“I DO CARE ABOUT DOCUMENTA 12" (JAN CHRISTENSEN)"If you clench your fist, there is nothing in your hand
But if you open your hand, there is the entire universe in it" (Heman Chong)
I spent a weekend in Kassel, Germany. I had several reasons to do so, some of them personal, some professional – all of them had something to do with art. I had great hopes for documenta 12. There are several reasons why. I think one of them was the hopeless romantic idea about the great exhibition setting a standard for each "generation". D11 so this in 2002 for the arts, but back then I was too "young". I had just made a clean break from the young art scene in Oslo, I had moved to what was for me a remote city with what I perceived to be a very conservative attitude towards the production of art (in that time painting was for me the high castle of conservativeness in art. I have since moderated my concepts, and I moved back to Norway and Skien), but the city I am talking about was Leipzig.
I am also sure that most documentas have had a major impact, but this is mere speculation. I had hoped that this documenta would set a standard of how I, we, all of us would discuss and produce art in the coming years. My expectations for documenta were as a producer / contemplator / mediator of contemporary art as well as on the behalf of those of us that actually are artists themselves. Needles to say – and I knew this beforehand – I was let down. Buergel and Noack seem to have failed miserably. In this text I will not discuss or describe works seen in the documenta exhibition, rather I am interested in starting a debate on how and why documenta 12 is, in my eyes, such a magnificent failure.
Documenta Halle, Friedrichanium, the newly built Auer Pavilion, Neue Galerie, Schachthof, the museum in Willhelmshöhe – all main art venues in Kassel for this edition of documenta, not to mention some outdoor projects. 113 artists with in total xxx of works of art. The choice of Roger M. Buergel as the next curator of documenta in December 2003 was a bold one. Buergel, although having received a prize for his curatorial project from the manila collection was an "insider tip" that few had heard about. Now, in the history of documenta, selecting a generally unknown curator is nothing new. Both of Buergel's immediate predecessors (Enwesor and David) were relatively unknown when they were selected (some have argued that Enwesor had a strong track record before he was selected. This is in my eyes only partially correct since for example his large exhibition 'Razors Edge' at the BildeMuseum in Sweden was realized in 1999 – after he had accepted the offer of being the artistic director of d11). I think also the selection committee's choice of Buergel over both Hans-Ulrich Obrist and Charles Esche (who sources of mine confirmed were both invited to apply for the position) shows this. I cannot really account for Jan Hout, as I have no clear image of his track record before d9, but I have a distinct feeling that he became known through that exhibition. If the documenta had a tradition of having well known curators, Harald Szeemann would not be alone as curator star before his 1972 documenta, he would have been sided by Kasper König and his alike. This, in my opinion, is not the case.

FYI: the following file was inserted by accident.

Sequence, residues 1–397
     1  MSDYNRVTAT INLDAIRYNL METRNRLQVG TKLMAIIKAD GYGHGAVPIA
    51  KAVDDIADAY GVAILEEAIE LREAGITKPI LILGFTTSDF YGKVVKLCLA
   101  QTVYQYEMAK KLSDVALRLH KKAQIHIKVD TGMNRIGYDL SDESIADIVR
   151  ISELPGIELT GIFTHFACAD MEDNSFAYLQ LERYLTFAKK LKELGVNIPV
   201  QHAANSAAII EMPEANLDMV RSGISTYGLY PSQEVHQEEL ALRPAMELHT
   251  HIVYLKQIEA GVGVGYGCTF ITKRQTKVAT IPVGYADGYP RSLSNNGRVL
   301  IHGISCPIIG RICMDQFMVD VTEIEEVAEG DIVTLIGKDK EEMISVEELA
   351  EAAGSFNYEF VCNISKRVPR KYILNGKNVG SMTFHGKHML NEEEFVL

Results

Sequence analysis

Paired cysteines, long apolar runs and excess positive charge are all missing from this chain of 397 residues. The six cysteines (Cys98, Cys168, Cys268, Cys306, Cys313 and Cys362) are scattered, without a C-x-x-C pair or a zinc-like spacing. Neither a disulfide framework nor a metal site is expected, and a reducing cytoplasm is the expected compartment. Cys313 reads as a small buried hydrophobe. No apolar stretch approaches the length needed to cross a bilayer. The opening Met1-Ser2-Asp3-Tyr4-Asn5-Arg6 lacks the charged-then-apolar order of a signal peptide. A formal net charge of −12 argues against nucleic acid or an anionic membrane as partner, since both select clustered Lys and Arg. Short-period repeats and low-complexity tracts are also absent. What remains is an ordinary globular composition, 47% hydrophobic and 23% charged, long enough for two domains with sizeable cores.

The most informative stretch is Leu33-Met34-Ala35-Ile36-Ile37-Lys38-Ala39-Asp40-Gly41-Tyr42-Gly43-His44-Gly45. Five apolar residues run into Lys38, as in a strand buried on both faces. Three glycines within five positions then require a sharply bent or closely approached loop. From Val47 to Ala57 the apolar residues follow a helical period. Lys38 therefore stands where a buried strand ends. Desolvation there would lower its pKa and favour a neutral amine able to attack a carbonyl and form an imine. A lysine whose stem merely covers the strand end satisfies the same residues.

But this is not what I want to discuss in this text. I very critical towards documenta 12. I found art that I liked and that I was sympathetic to but I could not find the clear curatorial voice that I expected to find. However, I could see the curatorial imprint in the way works of art were displayed (from the new Auer pavilion, through the choice to have many two dimensional works of art not framed but put behind a glass (or plexi-glass) with only four 90degree nails mounting them to the wall, to rumours about curatorial wishes of how to display specific pieces of art over the artists wishes). We had the three leitmotivs; Is modernity our antiquity?, What is bare life? and What is to be done? but I was very hard pressed to find them in the show. They were not visible in the way I thought they should be in a big exhibition like this one. Documenta has traditionally (very much in the x and the 11th edition, but also earlier) been a keeper of art in the public space. Despite the rice field, despite what I would call the flower field, despite the "radio" on tram nr. 3, there was not really art in the public space program this time. I did find this strange coming from an artistic director that is so obsessed with both the flaneur (passanten) term of Beudlaire and Benjamin as well as the history of documenta.